ASH70: The beginnings of ASH
The American School of the Hague (ASH) began its journey 70 years ago. Since then, the school has continued to grow and evolve, welcoming more and more students from around the world each year.
 
While the school may look different than when it began, ASH has remained committed to providing a welcoming and vibrant learning community for students and families.
 
Below is a brief history of how the American School of The Hague transformed from a school of only nine pupils to a bustling community of more than 1000 students.
 
The American School
The first “American School” class was established to serve young children from the American Embassy in the Netherlands. Taught by Mrs. Weiland in 1951, it was made up of only nine students with ages ranging from six to twelve years old.
 
The class followed the American Calvert Method of Teaching. By mail, Mrs. Weiland received advice by the Calvert’s Department of Home Instruction on how to facilitate the courses being taught at four different levels. How times have changed!
 
After four years, the class grew in many areas: one full-time teacher became seven, nine students became seventy, and multiple classrooms spread amongst three different buildings in The Hague. In 1954, this American School served students in grades 1 through 8, with its home base at Parkweg 9 in The Hague.
 
TASOTIS - The American High School
 
The American High School began simultaneously in September 1953 in a space at the Haags Lyceum on Sophialaan 10. Seven students followed correspondence courses from the University of California at Berkeley, under the name “The American School”. In that same year, the Foundation International School was established to provide education for the children of international families living in The Hague.
 
In September 1954 a second teacher joined the “high school” staff. A handwritten roster of 21 students for 1955-1956 academic year lists three graduating seniors. Newspaper articles reported that the students went on to study at Wellesley College, Southern Methodist University, and University of London. Under its auspices, The Association of the International School-American High School Division, later to be called TASOTIS, in November 1954.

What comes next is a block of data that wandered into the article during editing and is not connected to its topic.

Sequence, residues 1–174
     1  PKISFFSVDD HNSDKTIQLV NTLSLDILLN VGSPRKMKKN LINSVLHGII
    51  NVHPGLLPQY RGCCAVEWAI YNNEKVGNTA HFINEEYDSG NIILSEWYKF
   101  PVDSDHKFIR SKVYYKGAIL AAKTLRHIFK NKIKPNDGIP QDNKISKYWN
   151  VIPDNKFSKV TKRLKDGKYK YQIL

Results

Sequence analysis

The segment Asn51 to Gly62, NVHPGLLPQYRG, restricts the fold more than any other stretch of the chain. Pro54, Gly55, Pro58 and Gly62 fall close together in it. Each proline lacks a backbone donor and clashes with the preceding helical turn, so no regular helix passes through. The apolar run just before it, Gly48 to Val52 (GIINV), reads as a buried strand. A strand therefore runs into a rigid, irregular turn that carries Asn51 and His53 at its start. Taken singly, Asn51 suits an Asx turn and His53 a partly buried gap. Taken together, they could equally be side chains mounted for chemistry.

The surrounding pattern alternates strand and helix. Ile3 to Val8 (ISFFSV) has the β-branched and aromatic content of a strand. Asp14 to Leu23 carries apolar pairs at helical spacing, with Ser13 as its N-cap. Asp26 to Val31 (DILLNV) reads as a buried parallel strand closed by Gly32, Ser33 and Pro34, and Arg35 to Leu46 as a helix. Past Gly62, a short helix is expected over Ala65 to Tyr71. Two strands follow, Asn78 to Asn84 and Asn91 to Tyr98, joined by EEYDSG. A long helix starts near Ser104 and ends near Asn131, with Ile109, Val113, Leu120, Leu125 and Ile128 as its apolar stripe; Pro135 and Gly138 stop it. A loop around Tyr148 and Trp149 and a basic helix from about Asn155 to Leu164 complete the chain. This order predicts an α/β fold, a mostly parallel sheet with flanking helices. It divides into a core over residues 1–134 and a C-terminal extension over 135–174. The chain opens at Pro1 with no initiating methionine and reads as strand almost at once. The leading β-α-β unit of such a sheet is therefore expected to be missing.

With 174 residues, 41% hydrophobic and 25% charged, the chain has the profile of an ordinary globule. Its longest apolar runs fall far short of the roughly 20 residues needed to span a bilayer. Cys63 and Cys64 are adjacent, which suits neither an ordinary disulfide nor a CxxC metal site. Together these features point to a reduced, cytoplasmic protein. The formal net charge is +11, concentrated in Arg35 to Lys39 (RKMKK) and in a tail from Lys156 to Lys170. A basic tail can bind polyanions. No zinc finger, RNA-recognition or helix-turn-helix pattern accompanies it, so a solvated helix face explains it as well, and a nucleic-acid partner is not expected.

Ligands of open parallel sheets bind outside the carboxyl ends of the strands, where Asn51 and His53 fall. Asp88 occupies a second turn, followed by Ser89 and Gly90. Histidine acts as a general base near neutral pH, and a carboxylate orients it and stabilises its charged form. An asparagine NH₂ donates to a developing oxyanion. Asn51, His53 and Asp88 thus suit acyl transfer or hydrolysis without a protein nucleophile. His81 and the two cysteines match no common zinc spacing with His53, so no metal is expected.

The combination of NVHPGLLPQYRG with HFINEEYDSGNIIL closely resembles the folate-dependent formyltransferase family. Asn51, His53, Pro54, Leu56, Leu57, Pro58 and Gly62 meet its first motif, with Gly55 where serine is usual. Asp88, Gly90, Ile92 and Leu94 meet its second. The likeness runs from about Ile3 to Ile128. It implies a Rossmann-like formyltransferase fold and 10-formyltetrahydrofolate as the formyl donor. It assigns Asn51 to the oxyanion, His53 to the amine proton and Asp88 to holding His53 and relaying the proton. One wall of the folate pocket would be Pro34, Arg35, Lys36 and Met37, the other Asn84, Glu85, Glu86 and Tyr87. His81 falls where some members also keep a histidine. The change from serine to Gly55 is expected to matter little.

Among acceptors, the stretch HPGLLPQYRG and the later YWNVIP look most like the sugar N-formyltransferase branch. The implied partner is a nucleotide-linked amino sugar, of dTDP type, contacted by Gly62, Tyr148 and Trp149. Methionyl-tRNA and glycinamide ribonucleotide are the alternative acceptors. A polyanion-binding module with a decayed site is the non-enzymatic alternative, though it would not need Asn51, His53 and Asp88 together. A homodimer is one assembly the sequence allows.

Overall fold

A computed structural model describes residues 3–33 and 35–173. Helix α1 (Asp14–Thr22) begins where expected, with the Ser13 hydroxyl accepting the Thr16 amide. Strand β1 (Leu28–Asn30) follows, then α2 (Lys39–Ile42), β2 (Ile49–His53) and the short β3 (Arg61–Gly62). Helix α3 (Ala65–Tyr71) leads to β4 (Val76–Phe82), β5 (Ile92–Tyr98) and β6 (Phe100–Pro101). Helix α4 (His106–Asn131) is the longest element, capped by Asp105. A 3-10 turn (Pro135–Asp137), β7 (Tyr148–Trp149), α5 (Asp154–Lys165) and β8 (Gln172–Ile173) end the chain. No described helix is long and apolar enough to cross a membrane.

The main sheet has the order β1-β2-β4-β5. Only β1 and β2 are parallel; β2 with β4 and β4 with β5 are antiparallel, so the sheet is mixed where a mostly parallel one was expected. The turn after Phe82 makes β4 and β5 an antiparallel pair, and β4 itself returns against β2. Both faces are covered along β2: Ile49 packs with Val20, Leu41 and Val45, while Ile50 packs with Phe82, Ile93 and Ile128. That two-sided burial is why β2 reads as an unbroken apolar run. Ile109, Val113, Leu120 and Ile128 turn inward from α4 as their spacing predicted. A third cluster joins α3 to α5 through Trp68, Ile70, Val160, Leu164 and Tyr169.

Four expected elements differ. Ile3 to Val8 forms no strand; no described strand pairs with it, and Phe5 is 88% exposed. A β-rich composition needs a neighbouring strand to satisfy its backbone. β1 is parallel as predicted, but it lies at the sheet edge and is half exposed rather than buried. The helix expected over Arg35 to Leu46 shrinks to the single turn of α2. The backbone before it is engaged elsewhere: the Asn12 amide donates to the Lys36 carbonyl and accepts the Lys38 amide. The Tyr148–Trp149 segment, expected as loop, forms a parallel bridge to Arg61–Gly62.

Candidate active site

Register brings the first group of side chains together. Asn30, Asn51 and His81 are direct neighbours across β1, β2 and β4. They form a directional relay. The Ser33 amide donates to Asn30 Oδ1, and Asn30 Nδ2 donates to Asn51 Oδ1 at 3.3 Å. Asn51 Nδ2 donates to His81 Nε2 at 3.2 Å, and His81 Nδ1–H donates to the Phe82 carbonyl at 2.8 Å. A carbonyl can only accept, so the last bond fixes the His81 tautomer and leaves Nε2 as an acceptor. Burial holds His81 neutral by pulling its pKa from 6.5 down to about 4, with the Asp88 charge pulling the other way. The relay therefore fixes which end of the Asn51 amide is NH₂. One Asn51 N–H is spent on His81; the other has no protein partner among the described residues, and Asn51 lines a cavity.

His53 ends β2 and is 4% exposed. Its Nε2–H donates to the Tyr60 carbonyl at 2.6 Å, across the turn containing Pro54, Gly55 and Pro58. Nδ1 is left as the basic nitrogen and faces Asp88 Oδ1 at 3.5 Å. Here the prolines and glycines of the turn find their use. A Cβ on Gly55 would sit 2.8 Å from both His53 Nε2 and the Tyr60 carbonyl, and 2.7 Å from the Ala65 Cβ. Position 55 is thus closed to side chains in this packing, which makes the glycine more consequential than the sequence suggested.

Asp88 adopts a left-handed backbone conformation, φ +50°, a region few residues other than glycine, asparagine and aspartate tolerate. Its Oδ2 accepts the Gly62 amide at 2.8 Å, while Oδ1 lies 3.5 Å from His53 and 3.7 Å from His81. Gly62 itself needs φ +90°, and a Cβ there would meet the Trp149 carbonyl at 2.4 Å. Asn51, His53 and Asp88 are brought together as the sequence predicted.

The American School of The Hague
 
Both schools – The American School and The American High School Division of TASOTIS – continued as separate organizations through the 1950s and 1960’s. By then, there were 5 different locations for American School and TASOTIS students spread across The Hague. However, the increasing number of American and other international families in The Hague area suggested a need for a larger, unified English-language American education school.
 
In 1973, the Parkweg American School and TASOTIS formally rechartered to become The American School of The Hague, which we know today as ASH. The students were spread among four, five, sometimes six buildings during any one school year, on the Rotterdamsestraat, the Haagsestraat, the Parkweg, the Doornstrat, the Duinstraat, and more than once in extra facilities in Wassenaar. Plans for a new building became a reality in the late 1980s, with the historic buildings unable to support the growth of the school population and academic courses
 
. Construction for a new consolidated campus in Wassenaar began on the Dutch-American Friendship Day, April 19th, 1989. The First Lady of the United States Mrs. Barbara Bush laid the cornerstone for the new campus in July of that year, and on October 9th, 1990, the new ASH campus was officially opened, dedicated by Her Majesty Queen Beatrix of The Netherlands.
 
The dreams and enthusiasm of the previous years continue into the 21st century on this “new Wassenaar campus”, built upon former cow fields. The student population boomed, traditions took shape and student life grew, as the school enjoyed a sound reputation locally and globally. ASH began offering IB courses in 1995, alongside AP high school courses. In 2004, the school opened a new Elementary School wing, dedicated by Princess Margriet. Preschool became an academic offering in 2009.
 
In 2013, ASH further branches out with the opening of its state of the art Early Childhood Center on the Deijlerweg, allowing for movement and growth in the Middle and High schools ensuring the ongoing high quality of the ASH learning experience. And in 2022, ASH secured the purchase of the Deijerhoeve farmhouse land for future development of campus facilities.